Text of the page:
TMNT: Out of the Shadows is Bigger, Better, and with More Pizza
It was 2013 and Michael Bay announced he was working on a reboot of Teenage Mutant Ninja Turtles. It was rumored that they were going to be aliens from outer space. It was soon after when the entire fandom went ape shit on Michael Bay and forced him to back down from his terrible idea. Bay jumped on the band wagon and Teenage Mutant Ninja Turtles was released in 2014 to a measly $60 million opening weekend. The film was alright. It was fun and enjoyable but really nothing too far beyond that realm. There’s a reason I preface this review of it’s sequel with this information. From here on out, I want you to forget everything you know about that first movie. I want you to pretend that it never happened because Teenage Mutant Ninja Turtles: Out of the Shadows is the film that should have been the reboot of the series. To me, Out of the Shadows is the first film for a very good reason.
There’s a very subtle genius behind Out of the Shadows. That genius is how well the movie brushes passed the events and missteps of the first film to bring us into the world with a clean slate. It’s easy to see that director Dave Green understood all that was wrong with Teenage Mutant Ninja Turtles and took the rule book, tore it up, and rewrote it from scratch. This was a breath of fresh air breathed deep into the lore of the turtles. The first film failed by taking itself too seriously whereas the second film does not. With Teenage Mutant Ninja Turtles, director Jonathan Liebesman wanted to keep it fun but also grounded in reality. Dave Green said screw that and boy, he could not have been more right about this approach. You cannot ground a movie about giant talking turtles who fight crime with Ninjutsu in reality. You simply can’t and I’m glad someone finally realized that.
This was a breath of fresh air breathed deep into the lore of the turtles.
We don’t need the Christopher Nolan, David Goyer approach to comic book film making with a Teenage Mutant Ninja Turtles movie, we need f**king talking turtles, who joke, skateboard, eat pizza, and fight crime. It’s safe to say that along with Green, his cast understood this and set out to make a wacky action film with very stunning CGI work. Our core cast of turtles is back, with Pete Ploszek taking over the voice of Leonardo from Johnny Knoxville (Ploszek did only the motion capture for Leonardo in the first film but does both in Out of the Shadows). Pushed aside are the too serious arguments amongst the Turtles. In its wake are hilarious moments of somewhat Three Stooges caliber comedy, hits on the head, name calling, chasing, etc. The Turtles are a far stronger group in this film and it pays off.
Behind the two of them return our April O’Neil, Megan Fox, who leaves much to be desired beyond sex appeal. Fox does an okay job at playing April but she’s no Judith Hoag or Paige Turco. She doesn’t bring much to the screen in terms of sheer assertiveness, though this should also be faulted to the writers. Our new Casey Jones rocks the hockey stick as Stephen Amell dons the mask. It’s very easy to tell that Amell had an absolute blast making this film and you know what? Good for him. If you can’t enjoy being in a film like this there’s something terribly wrong with you. His Jones is pretty straight forward, there’s not too much for him to work with but he does a great job differentiating his Casey from Oliver Queen on Arrow.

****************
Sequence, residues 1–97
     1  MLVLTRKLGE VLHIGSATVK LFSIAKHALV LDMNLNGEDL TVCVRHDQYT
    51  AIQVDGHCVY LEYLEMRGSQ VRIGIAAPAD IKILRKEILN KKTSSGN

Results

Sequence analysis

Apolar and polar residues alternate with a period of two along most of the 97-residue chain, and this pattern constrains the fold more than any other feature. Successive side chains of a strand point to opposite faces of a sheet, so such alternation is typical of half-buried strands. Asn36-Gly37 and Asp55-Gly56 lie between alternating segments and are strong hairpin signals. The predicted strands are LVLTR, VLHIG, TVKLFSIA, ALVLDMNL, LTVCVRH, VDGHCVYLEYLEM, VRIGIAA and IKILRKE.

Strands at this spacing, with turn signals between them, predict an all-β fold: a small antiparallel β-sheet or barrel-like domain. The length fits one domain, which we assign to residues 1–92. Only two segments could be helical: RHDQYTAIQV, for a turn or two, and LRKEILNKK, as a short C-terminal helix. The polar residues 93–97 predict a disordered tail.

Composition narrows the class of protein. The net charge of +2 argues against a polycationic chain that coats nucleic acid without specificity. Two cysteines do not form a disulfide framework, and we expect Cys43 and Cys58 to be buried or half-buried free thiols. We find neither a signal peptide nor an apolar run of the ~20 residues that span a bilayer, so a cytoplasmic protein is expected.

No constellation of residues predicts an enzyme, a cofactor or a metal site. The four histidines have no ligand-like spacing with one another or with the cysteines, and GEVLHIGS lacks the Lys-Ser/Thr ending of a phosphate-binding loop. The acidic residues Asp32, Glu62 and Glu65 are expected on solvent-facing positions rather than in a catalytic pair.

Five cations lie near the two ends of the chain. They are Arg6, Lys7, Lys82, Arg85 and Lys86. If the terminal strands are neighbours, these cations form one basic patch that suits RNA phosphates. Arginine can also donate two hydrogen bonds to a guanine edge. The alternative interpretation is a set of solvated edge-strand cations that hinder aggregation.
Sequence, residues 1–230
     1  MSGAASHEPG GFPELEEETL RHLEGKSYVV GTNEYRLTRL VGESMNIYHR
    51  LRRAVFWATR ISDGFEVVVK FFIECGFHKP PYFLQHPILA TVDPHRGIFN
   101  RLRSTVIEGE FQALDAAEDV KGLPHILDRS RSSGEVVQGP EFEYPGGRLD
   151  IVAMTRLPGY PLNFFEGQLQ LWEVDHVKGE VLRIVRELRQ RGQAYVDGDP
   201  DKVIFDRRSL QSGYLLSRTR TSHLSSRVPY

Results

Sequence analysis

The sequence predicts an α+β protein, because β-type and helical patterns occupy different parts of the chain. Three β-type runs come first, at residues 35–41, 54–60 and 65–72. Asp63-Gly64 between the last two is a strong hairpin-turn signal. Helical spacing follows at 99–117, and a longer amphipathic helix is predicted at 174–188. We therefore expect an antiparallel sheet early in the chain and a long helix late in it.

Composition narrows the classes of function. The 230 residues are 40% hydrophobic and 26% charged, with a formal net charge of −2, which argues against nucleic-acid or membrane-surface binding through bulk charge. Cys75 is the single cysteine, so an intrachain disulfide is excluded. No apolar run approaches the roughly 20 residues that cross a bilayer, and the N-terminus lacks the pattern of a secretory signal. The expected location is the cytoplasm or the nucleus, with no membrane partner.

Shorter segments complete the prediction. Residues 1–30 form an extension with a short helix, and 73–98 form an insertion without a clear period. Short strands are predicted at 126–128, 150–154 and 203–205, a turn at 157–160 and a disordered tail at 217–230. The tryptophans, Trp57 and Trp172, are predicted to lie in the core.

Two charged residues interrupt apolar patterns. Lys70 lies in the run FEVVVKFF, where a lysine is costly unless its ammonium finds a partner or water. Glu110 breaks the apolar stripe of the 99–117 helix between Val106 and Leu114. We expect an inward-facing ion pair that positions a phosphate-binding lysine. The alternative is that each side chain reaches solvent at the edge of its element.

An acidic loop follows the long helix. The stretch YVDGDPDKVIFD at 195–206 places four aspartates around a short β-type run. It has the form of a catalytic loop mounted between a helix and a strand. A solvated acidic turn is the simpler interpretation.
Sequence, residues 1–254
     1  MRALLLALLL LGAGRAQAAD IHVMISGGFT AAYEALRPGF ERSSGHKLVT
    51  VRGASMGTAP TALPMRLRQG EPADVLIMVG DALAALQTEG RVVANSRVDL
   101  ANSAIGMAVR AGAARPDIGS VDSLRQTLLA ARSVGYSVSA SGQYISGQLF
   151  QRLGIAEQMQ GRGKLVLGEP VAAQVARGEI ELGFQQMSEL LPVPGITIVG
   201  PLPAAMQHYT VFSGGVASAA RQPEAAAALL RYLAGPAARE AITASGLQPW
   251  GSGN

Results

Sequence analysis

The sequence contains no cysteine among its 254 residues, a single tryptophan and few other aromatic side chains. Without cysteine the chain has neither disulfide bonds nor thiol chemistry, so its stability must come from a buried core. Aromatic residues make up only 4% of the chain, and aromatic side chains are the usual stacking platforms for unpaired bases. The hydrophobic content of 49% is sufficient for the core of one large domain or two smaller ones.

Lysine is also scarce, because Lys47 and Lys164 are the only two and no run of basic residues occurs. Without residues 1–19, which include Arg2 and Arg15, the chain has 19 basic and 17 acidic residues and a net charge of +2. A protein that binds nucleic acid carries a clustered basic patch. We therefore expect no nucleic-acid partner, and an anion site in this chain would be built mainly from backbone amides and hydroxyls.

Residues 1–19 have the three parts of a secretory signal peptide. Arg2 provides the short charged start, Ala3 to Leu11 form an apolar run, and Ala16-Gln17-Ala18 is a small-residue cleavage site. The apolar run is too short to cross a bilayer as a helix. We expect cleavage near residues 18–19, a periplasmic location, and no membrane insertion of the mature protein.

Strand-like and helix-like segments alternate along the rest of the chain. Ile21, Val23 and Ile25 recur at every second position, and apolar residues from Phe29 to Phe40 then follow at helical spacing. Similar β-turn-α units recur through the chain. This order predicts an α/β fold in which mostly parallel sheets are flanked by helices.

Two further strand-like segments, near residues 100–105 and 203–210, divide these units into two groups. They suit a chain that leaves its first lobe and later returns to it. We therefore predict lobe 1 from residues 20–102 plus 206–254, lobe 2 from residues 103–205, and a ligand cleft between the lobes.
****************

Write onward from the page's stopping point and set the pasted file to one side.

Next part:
The two’s semi-erotic friendship and moments of hilarity are pure ecstasy...
However, it’s none of the above-mentioned cast members that make the film. The two characters that absolutely stole the show were our Bebop and Rocksteady. Gary Anthony Williams and Stephen Farrelly (Shamus of WWE fame) give us two characters we’ve been aching to see on the big screen for decades and they give them to us with absolute gusto. The two’s semi-erotic friendship and moments of hilarity are pure ecstasy in the form of a giant wart hog and rhinoceros. Much like Amell’s Casey Jones, it’s easy to tell that these two actors had a blast transforming themselves into two of the most beloved Teenage Mutant Ninja Turtles characters. Beyond them is also the ever momentous character of Krang, voiced by Brad Garrett. Garrett does a superb job putting his own spin on the character that’s been made famous by one of the most prolific voice actors to date: Pat Fraley.
I was looking for pizza and nun-chucks and that’s exactly what Out of the Shadows gave me.
Let’s be honest here, Teenage Mutant Ninja Turtles: Out of the Shadows is a film about giant talking turtles who fight crime and love pizza. What exactly do you expect from this movie? Because I got exactly what I wanted out of it. I got fun, humor, far better action than I expected, moments of shock and awe, and so much more. I wasn’t looking to be moved from a mind blowing script, or to shed a tear from a dramatic portrayal by an actor. I was looking for pizza and nun-chucks and that’s exactly what Out of the Shadows gave me. Forget the 2014 Teenage Mutant Ninja Turtles, it’s not terrible but now that Out of the Shadows has been released, it’s really just not needed. Out of the Shadows is the true to form reboot. Let’s just see where they take the Turtles from here.